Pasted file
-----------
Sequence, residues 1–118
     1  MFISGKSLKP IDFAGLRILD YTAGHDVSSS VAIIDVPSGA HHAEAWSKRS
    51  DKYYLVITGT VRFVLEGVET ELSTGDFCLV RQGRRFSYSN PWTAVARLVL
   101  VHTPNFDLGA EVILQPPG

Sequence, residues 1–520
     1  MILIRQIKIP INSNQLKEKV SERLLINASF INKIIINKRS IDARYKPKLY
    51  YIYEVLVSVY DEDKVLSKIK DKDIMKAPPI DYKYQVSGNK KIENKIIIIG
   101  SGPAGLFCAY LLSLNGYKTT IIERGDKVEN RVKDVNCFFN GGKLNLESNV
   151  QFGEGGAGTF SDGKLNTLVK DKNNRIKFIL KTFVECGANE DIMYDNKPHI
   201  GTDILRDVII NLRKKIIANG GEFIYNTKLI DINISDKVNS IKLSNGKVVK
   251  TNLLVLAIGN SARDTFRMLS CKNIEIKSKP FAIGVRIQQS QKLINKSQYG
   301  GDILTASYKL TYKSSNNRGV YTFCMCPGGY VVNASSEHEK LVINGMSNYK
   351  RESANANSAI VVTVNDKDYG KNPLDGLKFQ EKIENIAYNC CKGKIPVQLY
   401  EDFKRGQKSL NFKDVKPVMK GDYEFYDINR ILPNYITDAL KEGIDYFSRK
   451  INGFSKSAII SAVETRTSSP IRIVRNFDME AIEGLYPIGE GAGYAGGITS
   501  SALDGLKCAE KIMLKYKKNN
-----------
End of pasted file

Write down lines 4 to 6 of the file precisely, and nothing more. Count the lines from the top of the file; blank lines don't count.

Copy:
   101  VHTPNFDLGA EVILQPPG

Sequence, residues 1–520
     1  MILIRQIKIP INSNQLKEKV SERLLINASF INKIIINKRS IDARYKPKLY